Bill Barnes leaps into the District 10 race

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Bill Barnes tosses his hat into District 10 race

The already crowded field of candidates battling to become the next D 10 supervisor just got even more crowded.

Bill Barnes, who is currently working as Sup. Michela Alioto-Pier's legislative aide, and has previously served as researcher for SF Firefighters Local 798, legislative aide for Sup. Fiona Ma, and legislative aide and campaign manager for Sup. Chris Daly, has entered the race.

Barnes, who turns 33 on April 3, says he is working between now and his birthday, on qualifying for public financing--a vital step for anyone who wants to compete against the handful of candidates that are backed by big private money in this race.

Barnes says he decided to throw his hat into the ring because there has not been enough talk about neighborhood issues, social inequity and displacement.

"The talk is always about creating jobs, but jobs for who?" Barnes said. "Will it be for folks who have lived in the community for their entire lives, or folks from out of town?"

In the next decade or two, it's likely that the majority of subcontracts in the city will be centered in District 10, but there are no guarantees of who will get that work.

Barnes identified UC Regent Ward Connerly's Prop. 209, which amended the state constitution to prohibit public institutions from considering race, sex, or ethnicity, as being a big part of the problem.

Noting that he worked to address the issue of local minority hiring while working for Ma, Barnes says race continues to play a major role when it comes to who gets the work in District 10.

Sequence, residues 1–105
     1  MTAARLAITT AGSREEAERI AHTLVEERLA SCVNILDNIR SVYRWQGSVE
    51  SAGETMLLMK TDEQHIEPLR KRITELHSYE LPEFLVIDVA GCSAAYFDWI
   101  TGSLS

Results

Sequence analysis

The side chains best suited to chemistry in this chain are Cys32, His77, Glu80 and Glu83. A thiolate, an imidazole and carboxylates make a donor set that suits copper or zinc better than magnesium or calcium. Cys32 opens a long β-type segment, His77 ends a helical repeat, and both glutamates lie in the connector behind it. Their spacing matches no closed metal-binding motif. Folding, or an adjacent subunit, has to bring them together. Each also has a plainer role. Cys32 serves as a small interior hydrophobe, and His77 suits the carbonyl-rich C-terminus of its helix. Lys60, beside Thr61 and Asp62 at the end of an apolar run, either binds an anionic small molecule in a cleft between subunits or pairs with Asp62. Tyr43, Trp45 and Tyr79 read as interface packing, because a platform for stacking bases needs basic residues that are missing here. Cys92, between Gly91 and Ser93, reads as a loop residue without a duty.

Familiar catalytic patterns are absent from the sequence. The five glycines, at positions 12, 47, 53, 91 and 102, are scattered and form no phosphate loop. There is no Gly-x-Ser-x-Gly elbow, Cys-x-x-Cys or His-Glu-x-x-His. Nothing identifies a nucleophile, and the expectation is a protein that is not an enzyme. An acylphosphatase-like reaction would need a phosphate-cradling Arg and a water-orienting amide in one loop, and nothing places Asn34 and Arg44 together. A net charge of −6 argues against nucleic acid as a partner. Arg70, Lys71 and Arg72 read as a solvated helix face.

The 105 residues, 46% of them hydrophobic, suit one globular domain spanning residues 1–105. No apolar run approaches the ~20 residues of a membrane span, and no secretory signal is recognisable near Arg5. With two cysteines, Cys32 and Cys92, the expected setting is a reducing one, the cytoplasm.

"I plan to work to repeal Prop. 209, or figure out a better way to go,"Barnes said. "All too often contracts are issued that are way too big. That makes it impossible for a smaller locally-owned business to be competitive."

Comments

Ah yes, the consummate political chameleon and the very definition of an opportunist.

Posted by Matt Stewart on Mar. 12, 2010 @ 12:39 pm

By the way, when he was running in District 5, he opted to go to Burning Man instead of participating in a debate. I know, I know: debates are plentiful, feature the same people talking about the same issues and have the same audience. But still ...

Posted by Matt Stewart on Mar. 12, 2010 @ 12:41 pm

Hmm, how does a Supervisor for a City get a State law repealed?

Even a State Assemblyman cannot get tat done. it would take another Proposition.

Why do these people even say such stupid things?

And in fact it is not illegal currently to favor local firms for contracts. Both Oakland and LA do it - not sure about SF.

You just can't use race as a factor.

BB could not have gotten this more wrong.

Posted by Tom Foolery on Mar. 12, 2010 @ 3:27 pm

Obviously, fixing a busted proposition requires another voter measure, or a successful court challenge. The ballot is a strategy the far right has used to great success--putting a young woman's right to choose on the ballot multiple times; taking away the right of same-sex couples to marry. In Arkansas, they even banned gay adoption. Why not fight for progressive values that will turn people of color out to vote?

California's changed a lot since Prop 209. We know that health disparities, educational attainment--and yes--contracting often lock people of color and women out of the mix. It's time to talk about it, and review government's work to demonstrate just how much race remains a factor in everyday decisions.

Finally, saying a local government favors local firms (by adding a percentage to a score, which is what that means) doesn't eliminate the structural barriers to participation. No small, local firm can compete for a contract that's too large, or bid that lays out onerous eligibility requirements.

Posted by Bill Barnes on Mar. 13, 2010 @ 10:05 am
209